Empathy Manipulation Impacts Music-Induced Emotions: A Psychophysiological Study on Opera

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    This study investigated the effects of voluntarily empathizing with a musical performer (i.e., cognitive empathy) on music-induced emotions and their underlying physiological activity. N = 56 participants watched video-clips of two operatic compositions performed in concerts, with low or high empathy instructions. Heart rate and heart rate variability, skin conductance level (SCL), and respiration rate (RR) were measured during music listening, and music-induced emotions were quantified using the Geneva Emotional Music Scale immediately after music listening. Listening to the aria with sad content in a high empathy condition facilitated the emotion of nostalgia and decreased SCL, in comparison to the low empathy condition. Listening to the song with happy content in a high empathy condition also facilitated the emotion of power and increased RR, in comparison to the low empathy condition. To our knowledge, this study offers the first experimental evidence that cognitive empathy influences emotion psychophysiology during music listening

    Gipc3 mutations associated with audiogenic seizures and sensorineural hearing loss in mouse and human

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    Sensorineural hearing loss affects the quality of life and communication of millions of people, but the underlying molecular mechanisms remain elusive. Here, we identify mutations in Gipc3 underlying progressive sensorineural hearing loss (age-related hearing loss 5, ahl5) and audiogenic seizures (juvenile audiogenic monogenic seizure 1, jams1) in mice and autosomal recessive deafness DFNB15 and DFNB95 in humans. Gipc3 localizes to inner ear sensory hair cells and spiral ganglion. A missense mutation in the PDZ domain has an attenuating effect on mechanotransduction and the acquisition of mature inner hair cell potassium currents. Magnitude and temporal progression of wave I amplitude of afferent neurons correlate with susceptibility and resistance to audiogenic seizures. The Gipc3343A allele disrupts the structure of the stereocilia bundle and affects long-term function of auditory hair cells and spiral ganglion neurons. Our study suggests a pivotal role of Gipc3 in acoustic signal acquisition and propagation in cochlear hair cells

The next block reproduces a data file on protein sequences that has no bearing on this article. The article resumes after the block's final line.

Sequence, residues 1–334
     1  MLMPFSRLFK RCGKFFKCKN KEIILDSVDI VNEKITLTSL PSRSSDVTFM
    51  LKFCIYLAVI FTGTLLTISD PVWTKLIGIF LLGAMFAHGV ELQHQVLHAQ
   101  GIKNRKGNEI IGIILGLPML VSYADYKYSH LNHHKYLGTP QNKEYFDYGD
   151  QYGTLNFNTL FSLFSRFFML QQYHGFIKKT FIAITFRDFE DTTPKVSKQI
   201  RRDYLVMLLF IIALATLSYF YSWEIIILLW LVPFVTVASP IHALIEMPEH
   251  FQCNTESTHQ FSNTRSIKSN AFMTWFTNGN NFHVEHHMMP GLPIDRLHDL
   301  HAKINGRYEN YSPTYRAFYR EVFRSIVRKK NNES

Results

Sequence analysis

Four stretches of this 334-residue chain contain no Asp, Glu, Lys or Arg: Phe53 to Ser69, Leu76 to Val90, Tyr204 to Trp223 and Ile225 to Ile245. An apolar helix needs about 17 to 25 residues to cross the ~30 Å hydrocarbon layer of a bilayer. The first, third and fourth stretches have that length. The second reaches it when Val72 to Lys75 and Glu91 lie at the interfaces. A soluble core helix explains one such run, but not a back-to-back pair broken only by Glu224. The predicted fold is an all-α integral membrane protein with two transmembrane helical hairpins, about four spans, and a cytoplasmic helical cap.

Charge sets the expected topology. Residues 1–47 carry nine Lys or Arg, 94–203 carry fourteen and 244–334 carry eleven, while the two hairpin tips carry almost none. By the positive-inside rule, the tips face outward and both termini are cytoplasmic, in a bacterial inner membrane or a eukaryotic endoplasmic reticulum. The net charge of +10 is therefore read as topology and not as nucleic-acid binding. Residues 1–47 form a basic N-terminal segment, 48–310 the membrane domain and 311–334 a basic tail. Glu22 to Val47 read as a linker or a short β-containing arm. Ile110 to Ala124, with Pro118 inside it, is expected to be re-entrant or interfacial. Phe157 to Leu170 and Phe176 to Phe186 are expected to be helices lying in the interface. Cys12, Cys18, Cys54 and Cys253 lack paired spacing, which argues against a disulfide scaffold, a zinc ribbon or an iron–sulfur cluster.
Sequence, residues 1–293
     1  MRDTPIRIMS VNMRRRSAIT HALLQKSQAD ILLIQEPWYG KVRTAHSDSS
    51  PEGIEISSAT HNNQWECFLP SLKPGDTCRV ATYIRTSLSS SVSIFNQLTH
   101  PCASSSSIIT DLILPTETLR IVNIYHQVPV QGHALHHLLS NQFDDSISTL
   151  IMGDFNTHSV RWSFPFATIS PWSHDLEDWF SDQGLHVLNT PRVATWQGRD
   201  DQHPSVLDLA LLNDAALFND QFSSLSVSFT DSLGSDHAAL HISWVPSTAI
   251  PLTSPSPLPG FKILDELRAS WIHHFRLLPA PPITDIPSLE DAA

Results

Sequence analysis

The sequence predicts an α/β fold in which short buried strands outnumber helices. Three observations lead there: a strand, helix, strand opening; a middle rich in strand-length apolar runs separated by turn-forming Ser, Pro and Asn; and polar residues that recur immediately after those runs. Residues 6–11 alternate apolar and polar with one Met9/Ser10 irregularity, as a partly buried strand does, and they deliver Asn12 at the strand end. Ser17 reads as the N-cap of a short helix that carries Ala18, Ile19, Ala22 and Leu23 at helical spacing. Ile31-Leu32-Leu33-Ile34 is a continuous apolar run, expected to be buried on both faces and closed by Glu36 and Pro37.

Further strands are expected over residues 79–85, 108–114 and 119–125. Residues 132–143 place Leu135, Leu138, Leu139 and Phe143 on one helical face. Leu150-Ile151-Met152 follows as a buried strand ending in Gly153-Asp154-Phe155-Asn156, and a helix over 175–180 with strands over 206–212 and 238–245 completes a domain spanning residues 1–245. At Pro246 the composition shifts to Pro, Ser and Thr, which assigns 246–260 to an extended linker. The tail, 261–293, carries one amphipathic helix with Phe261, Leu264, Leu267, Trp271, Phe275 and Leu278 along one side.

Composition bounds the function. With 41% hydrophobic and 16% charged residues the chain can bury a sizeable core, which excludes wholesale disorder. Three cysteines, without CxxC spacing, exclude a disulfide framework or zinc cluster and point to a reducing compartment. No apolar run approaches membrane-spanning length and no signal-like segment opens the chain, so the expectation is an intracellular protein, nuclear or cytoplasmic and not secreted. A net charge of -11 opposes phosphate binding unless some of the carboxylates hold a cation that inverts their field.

Response Properties of Human Amygdala Subregions: Evidence Based on Functional MRI Combined with Probabilistic Anatomical Maps

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    The human amygdala is thought to play a pivotal role in the processing of emotionally significant sensory information. The major subdivisions of the human amygdala—the laterobasal group (LB), the superficial group (SF), and the centromedial group (CM)—have been anatomically delineated, but the functional response properties of these amygdala subregions in humans are still unclear. We combined functional MRI with cyto-architectonically defined probabilistic maps to analyze the response characteristics of amygdala subregions in subjects presented with auditory stimuli. We found positive auditory stimulation-related signal changes predominantly in probabilistically defined LB, and negative responses predominantly in SF and CM. In the left amygdala, mean response magnitude in the core area of LB with 90–100% assignment probability was significantly larger than in the core areas of SF and CM. These differences were observed for pleasant and unpleasant stimuli. Our findings reveal that the probabilistically defined anatomical subregions of the human amygdala show distinctive fMRI response patterns. The stronger auditory responses in LB as compared with SF and CM may reflect a predominance of auditory inputs to human LB, similar to many animal species in which the majority of sensory, including auditory, afferents project to this subdivision of the amygdala. Our study indicates that the intrinsic functional differentiation of the human amygdala may be probed using fMRI combined with probabilistic anatomical maps